by Dr. Stan Dawson, DC
Deep Tissue massage and Swedish massage are the two most commonly requested massage techniques. You can assume that a client who requests Deep Tissue wants a massage that is not focused only on relaxation. She wants you to work deeply enough to make a difference in her level of discomfort and possibly also her overall posture and wellbeing. She wants you to work through the layers of her muscles to get to the deep, sore places that Swedish massage alone does not effectively relieve. Her focus is probably on results rather than relaxation. She may or may not know precisely what Deep Tissue is, and she may have a potentially dangerous misconception that it is okay to work deeper than is physiologically appropriate. Some people seem not to understand that it is possible to work too deep. Causing more pain is not the key to results. So, before you begin the session, I suggest that you ask your client what she means by Deep Tissue. This question will start a discussion in which you will be able to use the information contained in the rest of this paper. To make this easier for you, I will begin with an explanation of how the term Deep Tissue evolved, and what it has developed into. I will focus on the nature of the tight, sore places therapists were attempting to resolve and will advise you on how to handle the discussion you will be having with your client.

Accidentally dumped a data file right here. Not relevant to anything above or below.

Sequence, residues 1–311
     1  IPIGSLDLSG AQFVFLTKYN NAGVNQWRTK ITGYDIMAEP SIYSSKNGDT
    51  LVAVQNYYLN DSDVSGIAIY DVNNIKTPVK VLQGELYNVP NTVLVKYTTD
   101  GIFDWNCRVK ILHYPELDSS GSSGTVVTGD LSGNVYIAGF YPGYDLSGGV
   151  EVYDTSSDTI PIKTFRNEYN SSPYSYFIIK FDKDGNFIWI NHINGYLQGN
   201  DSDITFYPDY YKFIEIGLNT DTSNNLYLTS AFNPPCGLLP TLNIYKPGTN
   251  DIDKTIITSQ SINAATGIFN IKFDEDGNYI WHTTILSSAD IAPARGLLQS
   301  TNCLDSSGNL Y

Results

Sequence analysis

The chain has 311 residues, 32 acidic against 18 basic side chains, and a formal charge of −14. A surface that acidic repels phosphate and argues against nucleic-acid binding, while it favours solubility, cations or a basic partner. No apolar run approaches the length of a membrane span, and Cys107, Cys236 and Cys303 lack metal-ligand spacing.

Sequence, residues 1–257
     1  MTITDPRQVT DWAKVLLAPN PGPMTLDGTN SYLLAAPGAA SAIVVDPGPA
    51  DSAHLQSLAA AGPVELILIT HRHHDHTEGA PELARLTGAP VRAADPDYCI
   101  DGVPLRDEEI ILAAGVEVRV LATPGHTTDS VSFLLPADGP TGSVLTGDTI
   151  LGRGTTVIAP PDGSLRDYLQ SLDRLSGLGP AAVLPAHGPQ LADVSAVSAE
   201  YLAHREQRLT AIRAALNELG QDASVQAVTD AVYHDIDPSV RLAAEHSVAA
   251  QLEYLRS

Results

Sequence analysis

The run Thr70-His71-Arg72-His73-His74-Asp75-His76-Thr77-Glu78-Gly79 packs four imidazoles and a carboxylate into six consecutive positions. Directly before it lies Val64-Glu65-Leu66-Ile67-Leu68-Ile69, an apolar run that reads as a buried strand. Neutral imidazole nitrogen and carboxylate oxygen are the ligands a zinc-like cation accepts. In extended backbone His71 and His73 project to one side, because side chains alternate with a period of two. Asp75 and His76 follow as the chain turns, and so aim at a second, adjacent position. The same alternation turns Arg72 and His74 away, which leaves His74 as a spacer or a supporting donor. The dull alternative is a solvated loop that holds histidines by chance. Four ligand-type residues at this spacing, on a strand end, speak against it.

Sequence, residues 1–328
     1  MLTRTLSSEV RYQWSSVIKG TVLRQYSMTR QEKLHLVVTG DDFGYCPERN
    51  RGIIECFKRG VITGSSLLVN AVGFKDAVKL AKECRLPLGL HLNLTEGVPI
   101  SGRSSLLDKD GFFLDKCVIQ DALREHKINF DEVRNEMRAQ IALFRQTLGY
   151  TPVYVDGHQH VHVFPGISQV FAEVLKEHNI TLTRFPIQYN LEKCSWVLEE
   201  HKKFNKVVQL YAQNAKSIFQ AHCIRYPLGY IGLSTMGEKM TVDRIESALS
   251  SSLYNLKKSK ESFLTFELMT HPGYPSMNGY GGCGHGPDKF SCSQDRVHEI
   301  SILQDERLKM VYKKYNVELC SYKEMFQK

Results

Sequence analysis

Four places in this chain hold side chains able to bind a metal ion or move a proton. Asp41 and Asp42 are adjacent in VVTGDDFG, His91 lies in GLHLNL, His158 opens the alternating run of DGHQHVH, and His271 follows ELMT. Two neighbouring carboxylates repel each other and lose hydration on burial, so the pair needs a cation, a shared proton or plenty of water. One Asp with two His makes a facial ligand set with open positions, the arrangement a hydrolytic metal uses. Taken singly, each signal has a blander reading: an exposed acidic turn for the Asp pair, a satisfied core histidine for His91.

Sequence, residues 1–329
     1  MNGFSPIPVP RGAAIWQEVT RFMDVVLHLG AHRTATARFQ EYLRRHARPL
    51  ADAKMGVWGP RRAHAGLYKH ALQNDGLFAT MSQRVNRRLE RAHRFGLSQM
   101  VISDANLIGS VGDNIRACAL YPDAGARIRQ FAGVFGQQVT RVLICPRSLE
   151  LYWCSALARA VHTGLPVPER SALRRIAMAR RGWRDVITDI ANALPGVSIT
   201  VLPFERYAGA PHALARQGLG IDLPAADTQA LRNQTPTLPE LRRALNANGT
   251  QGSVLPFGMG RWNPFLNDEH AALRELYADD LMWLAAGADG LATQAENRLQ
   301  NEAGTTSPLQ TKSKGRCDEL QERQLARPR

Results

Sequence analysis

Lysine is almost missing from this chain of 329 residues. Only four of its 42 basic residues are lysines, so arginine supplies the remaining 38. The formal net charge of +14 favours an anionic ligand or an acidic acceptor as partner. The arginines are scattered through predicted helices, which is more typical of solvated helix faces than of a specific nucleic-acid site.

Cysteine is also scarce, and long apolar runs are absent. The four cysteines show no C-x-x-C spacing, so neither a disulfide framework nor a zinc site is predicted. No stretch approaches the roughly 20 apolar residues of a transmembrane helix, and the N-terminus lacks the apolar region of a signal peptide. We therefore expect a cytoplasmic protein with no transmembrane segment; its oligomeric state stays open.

Historically, Deep Tissue evolved (in the 1960s and 70s) as slower, deeper, harder Swedish. The Deep Tissue practitioner uses Swedish strokes, but applies them at a slower pace with more pressure; at times using elbows, knuckles, fists and forearms to work harder without hurting the therapist’s hands and wrists in the process of applying more pressure on the client’s tissues. Deep Tissue was created as a response to the inability of pure Swedish massage to relieve the deep, sore places in muscles that do not simply go away by getting someone relaxed. In its original (limited) form, it failed to do much more than Swedish massage for the deep, sore places in muscles. Simply working slower, deeper and harder does not create a significantly different effect than Swedish technique already does. It also runs the risk of causing the person to guard and brace themselves to cope with the additional pain caused by the harder pressure. Unfortunately, it is common for the client to feel quite sore after a Deep Tissue session for up to several days.